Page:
Sportsbetting Rewind: Successful NCAA Coaches Who Were NFL Disasters

Posted by Alex Murphy on July 26, 2015 in

Although most of the rules and nature of games in college football are more-or-less the same with those of the NFL, the two leagues are far from similar. In essence, that is the reason players like Tim Tebow and Johnny Manziel were major hits in college, but are yet to replicate their success in the Pros. In coaching, the transition from success in college football odds to success in NFL sportsbetting has been similarly complicated, with some celebrated NCAAF coaches failing miserably in the National Football League. Here are some of the noteworthy coaches who jumped from a life of success in college football to one of disaster in the NFL:

Nick Saban, Dolphins


Unquestionably regarded as the best coach in college football right now, Saban has certainly had a dominant run in his time in college football.

But as far as the NFL is concerned, it is a different story altogether. Though it wasn’t that much of a disaster, his 15-17 (9-7 in 2005 and 6-10 in 2006) record as Miami’s coach for two years is considered as a disaster by many, bearing in mind he is someone who boasts of a 177-59-1 entering his 2015 season with the Tide. Prior to leading the Dolphins, Saban was with LSU, a team he had led to a National Championship win two years before taking on the Miami job.

Steve Spurrier, Redskins


Signed to a 5-year, $25 million contract after the 2001-2002 NFL season, which was a big contract at that time, the hope was that Steve Spurrier would translate his college football success at the University of Florida (where he had compiled a remarkable 122-27-1 mark) into pro success with the Redskins. That, however, was not to be, as he only stayed in the NFL for 2 years, tallying 12-20 record in the process. With the job too hot for him to handle, Spurrier went back to college football and has since returned to stardom with a number of successes. Currently, he is serving as the head coach for South Carolina.

Greg Schiano, Buccaneers


Though Tampa Bay showed some marked success in his one-year tenure, improving the team’s win total by three games from the 2011 to 2012 season, the former Rutgers coach lands on this list because of his record in the NFL went from 7–9 in his first season to 4–12 in the 2013-14 season, which saw him get fired on December 2013. Since then, the former footballer hasn’t been able to serve as a coach in any other team.

Dennis Erickson, Seahawks and 49ers


Following years of successful coaching in Wyoming, Washington State and Miami, Erickson was a high commodity in the coaching world, with the Denver Broncos and Philadelphia Eagles reportedly making coaching offers, both of which he turned down. But in January 1995, he accepted an offer to coach the Seattle Seahawks. Erickson went on to serve as a head coach for six years (Seahawks and 49ers), a time he’d probably want to forget, as he never recorded a single season over .500 and never reached the playoffs.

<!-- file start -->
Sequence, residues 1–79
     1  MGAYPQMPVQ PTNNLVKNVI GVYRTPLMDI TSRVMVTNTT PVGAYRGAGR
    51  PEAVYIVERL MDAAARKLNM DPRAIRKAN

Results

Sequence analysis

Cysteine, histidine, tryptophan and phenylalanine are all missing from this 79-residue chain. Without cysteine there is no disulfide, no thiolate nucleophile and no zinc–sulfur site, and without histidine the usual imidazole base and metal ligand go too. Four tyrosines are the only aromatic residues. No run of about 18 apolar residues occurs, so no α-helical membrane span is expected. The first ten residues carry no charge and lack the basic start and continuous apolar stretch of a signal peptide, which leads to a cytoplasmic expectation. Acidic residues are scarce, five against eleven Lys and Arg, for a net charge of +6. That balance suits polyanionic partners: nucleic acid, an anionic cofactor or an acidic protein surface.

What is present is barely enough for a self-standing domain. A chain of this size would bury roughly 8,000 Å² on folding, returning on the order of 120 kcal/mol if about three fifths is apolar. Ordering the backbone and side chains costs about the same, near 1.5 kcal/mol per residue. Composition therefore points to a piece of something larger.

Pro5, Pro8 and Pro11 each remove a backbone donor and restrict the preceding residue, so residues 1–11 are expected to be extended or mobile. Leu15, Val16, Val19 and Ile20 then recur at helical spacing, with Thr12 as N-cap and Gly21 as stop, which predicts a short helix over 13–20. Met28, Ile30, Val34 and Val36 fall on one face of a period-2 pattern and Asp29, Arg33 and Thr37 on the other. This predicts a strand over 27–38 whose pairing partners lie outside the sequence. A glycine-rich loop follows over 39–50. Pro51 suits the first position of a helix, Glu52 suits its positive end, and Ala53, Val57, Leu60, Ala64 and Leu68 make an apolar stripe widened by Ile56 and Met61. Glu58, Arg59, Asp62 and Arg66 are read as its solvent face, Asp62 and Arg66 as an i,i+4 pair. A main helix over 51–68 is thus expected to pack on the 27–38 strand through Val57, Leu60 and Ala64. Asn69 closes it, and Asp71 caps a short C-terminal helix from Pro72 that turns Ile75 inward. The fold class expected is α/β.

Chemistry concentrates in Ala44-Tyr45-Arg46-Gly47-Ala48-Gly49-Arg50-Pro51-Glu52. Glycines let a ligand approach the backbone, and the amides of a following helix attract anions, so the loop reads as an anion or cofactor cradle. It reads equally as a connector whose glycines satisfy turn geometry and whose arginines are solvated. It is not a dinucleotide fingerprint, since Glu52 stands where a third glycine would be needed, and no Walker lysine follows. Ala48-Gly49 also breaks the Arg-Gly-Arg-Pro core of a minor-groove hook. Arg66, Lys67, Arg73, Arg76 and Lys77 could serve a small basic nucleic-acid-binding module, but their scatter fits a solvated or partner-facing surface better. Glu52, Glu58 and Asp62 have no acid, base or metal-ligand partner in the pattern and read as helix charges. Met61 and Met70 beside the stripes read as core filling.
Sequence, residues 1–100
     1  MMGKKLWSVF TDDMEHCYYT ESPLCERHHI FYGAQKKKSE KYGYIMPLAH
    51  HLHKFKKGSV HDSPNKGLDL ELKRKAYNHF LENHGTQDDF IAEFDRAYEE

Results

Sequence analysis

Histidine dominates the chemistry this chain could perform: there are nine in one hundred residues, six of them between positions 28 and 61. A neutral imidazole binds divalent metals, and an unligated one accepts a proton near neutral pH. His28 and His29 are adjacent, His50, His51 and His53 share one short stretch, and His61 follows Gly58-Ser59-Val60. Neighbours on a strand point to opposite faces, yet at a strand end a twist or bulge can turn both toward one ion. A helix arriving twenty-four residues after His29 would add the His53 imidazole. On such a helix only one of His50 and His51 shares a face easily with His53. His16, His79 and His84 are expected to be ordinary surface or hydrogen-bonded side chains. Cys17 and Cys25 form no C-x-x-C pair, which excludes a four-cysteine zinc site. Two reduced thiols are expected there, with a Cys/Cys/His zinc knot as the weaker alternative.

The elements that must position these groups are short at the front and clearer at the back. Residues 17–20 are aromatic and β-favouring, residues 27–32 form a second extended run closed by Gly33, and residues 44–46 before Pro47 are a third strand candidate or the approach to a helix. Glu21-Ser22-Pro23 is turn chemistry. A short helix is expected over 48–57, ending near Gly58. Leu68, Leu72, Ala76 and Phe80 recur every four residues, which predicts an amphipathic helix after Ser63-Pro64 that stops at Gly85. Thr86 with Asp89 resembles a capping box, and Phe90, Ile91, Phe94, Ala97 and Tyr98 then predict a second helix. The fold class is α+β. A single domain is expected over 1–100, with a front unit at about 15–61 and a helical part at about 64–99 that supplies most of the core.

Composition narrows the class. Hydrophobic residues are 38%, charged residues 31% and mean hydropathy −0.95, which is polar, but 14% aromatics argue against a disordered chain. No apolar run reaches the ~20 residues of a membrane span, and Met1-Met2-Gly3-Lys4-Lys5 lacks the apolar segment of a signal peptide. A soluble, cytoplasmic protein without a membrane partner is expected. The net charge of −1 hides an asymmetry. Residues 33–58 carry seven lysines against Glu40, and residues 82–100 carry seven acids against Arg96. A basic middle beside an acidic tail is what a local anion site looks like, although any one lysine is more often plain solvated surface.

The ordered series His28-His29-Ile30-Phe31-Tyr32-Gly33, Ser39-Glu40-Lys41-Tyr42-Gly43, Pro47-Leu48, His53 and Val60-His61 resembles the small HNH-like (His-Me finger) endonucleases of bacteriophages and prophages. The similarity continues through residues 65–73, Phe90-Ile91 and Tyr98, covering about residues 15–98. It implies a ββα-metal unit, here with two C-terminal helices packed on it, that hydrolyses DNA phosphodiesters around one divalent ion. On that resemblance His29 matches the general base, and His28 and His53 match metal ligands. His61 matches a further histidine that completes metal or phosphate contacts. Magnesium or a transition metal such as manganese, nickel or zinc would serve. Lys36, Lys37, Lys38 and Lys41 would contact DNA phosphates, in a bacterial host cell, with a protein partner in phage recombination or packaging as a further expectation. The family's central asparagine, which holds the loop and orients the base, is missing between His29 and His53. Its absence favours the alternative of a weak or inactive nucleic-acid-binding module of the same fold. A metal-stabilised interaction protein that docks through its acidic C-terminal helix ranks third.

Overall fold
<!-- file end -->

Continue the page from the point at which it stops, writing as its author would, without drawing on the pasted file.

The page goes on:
Mike Riley, Chargers


After helping change a mediocre Oregon State team to a consistent bowl contender, Riley decided to take a step higher in his career, giving a go at the NFL. His time in San Diego was, however, not as memorable, as he went 8-8 in his rookie NFL season, followed by a 6-26 mark in the next two seasons, including a 1-15 mark in the 2001 season. Of course, Riley didn’t have much talent to work with, but that was not an excuse good enough for his employers, as he was fired after the 2001 season. He later returned to coach Oklahoma State and has since found some good measure of success in college football.

Bobby Petrino, Falcons


Petrino’s lone season with Atlanta was definitely one most remember, but not for the right reasons. In his tenure, he went 3-10, though the most memorable part was that he quit his job mid-way through the year to take a college job.

Lou Holtz, Jets


Following his successful college football stints at William & Mary and North Carolina State, Lou Holtz decided to join the Pros, hoping to continue with the same level of success with the Jets in 1976. However, like Petrino, Holtz went 3-10 in his only season in the NFL and quit the job with one game left in the season.

Dick MacPherson, Patriots


MacPherson, like other coaches in this list, had good stint in college, but his success could not be repeated in the NFL, where he went 8-24 in his two seasons with New England.

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